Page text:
Al Franken announces intention to resign from Senate over sexual misconduct allegations

Sen. Al Franken, D-Minn., announced his plans to resign following a series of allegations from women accusing him of sexual harassment and misconduct.

Franken said that while he believes an ethics committee investigation would find him innocent, he didn’t feel he could continue to serve and would be stepping down in the coming weeks. He contended that some of the allegations were not true and others he remembered differently.

“This decision is not about me,” Franken said Thursday. “It is about the people of Minnesota.”

Sen. Claire McCaskill, D-Mo. — one of the first lawmakers to ask Franken to resign — took her glasses off and wiped tears from her eyes several times during his speech. More than a dozen Democratic lawmakers, including McCaskill, hugged Franken at the conclusion of his address. Jeff Flake, R-Ariz., was the only Republican senator on the floor during the announcement, which included a shot at the GOP.

“There is some irony that I am leaving while a man who bragged on tape about his history of sexual assault sits in the Oval Office, and a man who preyed on young girls runs for Senate with the full support of his party,” said Franken, referencing President Trump and Alabama Senate candidate Roy Moore.

Sen. Al Franken, D-Minn., leaves the Capitol after speaking on the Senate floor, Thursday, Dec. 7, 2017, on Capitol Hill in Washington. Franken said he will resign from the Senate in coming weeks following a wave of sexual misconduct allegations and a collapse of support from his Democratic colleagues, a swift political fall for a once-rising Democratic star. (Photo: Andrew Harnik/AP)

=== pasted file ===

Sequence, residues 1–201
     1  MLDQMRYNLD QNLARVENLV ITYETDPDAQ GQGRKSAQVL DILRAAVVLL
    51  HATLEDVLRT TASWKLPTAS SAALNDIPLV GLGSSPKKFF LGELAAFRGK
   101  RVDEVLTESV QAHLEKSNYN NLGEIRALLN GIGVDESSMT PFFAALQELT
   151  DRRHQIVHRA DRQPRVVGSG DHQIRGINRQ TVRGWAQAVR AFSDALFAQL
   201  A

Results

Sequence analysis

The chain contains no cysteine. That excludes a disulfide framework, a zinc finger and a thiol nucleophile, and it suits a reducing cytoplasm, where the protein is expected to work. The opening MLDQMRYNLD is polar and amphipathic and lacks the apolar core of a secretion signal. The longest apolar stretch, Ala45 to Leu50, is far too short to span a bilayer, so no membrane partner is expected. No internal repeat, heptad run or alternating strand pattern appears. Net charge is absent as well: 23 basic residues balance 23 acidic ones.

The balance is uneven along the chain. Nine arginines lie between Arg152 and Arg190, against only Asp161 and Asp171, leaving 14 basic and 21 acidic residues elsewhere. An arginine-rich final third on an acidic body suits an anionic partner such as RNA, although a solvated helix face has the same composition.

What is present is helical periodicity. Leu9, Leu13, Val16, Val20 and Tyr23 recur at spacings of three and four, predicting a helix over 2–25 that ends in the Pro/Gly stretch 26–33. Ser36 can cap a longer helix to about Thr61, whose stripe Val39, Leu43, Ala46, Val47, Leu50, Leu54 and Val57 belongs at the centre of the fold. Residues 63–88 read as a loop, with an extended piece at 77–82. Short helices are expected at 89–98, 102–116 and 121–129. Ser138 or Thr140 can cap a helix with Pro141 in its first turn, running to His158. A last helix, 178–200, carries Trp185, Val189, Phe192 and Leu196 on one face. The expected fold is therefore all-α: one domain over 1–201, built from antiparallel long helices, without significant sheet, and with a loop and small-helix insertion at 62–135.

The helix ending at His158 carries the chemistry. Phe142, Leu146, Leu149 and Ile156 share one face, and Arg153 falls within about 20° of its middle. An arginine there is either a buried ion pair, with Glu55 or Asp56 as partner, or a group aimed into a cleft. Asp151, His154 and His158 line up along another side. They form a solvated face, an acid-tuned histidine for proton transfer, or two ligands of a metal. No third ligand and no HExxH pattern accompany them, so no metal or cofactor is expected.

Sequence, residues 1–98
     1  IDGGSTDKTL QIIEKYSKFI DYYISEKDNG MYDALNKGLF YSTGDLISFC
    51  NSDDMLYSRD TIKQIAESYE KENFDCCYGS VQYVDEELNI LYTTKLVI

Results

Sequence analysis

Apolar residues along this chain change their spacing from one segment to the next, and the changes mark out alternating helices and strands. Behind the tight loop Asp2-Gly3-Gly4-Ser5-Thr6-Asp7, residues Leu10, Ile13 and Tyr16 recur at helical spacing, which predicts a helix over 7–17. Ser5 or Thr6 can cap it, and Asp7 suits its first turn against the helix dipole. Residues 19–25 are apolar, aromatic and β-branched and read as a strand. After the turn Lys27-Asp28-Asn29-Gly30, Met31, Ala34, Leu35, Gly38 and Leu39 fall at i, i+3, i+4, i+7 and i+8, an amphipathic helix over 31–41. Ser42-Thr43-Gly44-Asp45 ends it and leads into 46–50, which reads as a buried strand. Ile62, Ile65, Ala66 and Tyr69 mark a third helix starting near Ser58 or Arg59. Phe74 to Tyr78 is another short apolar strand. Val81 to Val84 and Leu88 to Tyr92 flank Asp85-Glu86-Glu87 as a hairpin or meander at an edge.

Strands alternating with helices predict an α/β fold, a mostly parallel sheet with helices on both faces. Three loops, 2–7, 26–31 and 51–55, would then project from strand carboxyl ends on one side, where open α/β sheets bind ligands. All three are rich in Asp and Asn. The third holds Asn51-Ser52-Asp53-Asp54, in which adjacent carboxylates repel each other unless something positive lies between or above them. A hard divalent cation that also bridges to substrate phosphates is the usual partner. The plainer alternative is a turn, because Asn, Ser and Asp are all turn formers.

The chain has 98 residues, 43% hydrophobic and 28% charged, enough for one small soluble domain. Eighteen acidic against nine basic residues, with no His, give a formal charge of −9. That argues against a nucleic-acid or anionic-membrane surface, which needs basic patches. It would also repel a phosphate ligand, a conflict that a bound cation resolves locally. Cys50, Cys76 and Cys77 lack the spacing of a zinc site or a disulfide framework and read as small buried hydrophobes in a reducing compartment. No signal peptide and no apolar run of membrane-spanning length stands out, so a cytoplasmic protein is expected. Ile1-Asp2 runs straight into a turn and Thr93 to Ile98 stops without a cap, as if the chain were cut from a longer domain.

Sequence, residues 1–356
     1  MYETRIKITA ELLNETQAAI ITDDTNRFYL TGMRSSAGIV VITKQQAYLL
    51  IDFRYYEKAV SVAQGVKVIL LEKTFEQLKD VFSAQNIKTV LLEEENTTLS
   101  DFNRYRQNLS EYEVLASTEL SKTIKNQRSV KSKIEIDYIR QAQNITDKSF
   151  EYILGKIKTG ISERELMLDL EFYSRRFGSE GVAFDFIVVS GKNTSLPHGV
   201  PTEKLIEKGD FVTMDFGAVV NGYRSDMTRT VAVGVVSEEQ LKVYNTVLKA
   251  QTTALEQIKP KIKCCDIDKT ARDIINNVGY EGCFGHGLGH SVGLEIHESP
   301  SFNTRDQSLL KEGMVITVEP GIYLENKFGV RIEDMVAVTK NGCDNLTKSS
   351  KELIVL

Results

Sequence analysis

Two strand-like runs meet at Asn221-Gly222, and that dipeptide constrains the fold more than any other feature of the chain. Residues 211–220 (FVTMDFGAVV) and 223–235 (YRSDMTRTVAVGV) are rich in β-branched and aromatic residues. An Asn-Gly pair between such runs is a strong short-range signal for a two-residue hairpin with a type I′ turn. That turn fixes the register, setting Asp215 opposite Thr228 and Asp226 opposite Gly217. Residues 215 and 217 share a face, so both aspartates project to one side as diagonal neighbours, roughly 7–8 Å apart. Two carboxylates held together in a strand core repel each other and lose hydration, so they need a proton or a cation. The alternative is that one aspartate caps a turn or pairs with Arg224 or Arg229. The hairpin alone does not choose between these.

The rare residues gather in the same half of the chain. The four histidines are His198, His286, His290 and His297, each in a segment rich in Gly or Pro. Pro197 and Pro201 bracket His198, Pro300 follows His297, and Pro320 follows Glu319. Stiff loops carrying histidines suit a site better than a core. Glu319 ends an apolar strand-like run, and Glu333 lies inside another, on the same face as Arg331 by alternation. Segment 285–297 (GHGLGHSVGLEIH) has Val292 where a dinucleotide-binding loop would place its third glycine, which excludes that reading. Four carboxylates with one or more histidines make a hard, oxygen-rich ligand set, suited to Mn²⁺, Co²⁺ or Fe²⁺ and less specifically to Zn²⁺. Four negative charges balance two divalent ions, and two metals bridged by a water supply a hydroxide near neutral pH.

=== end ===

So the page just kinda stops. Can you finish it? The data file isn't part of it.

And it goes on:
Franken’s replacement will be selected by Gov. Mark Dayton, a Democrat. The Minneapolis Star-Tribune reported that Dayton is expected to choose Lt. Gov. Tina Smith, who will hold the seat until a special election is held in November 2018. Dayton said he expects to make his decision in the next couple of days.

On Wednesday morning, after Politico published the story of a woman who said Franken tried to kiss her after a 2006 radio show, Democratic senators began to call for his resignation. (Franken denied the allegation.) Over the course of a few hours, more than half the caucus called for the second-term senator to step down.

The first allegation against Franken came on November 16 , when radio anchor Leeann Tweeden said that she had been forcibly kissed while rehearsing on a USO tour in 2006. She also included a photo of Franken mimicking groping her breasts while she slept on a flight during the same tour. Franken apologized, but said he did not remember the kiss in the same way. In all, eight women have accused Franken of harassment or misconduct.

After a career in comedy, writing, activism and talk radio, Franken first won election to the Senate in 2008, winning by just over 300 votes in a tight three-way race. He won reelection in 2014 by ten points, and was being put forth by some as a potential candidate for president in 2020.

Liz Goodwin contributed to the reporting of this story.

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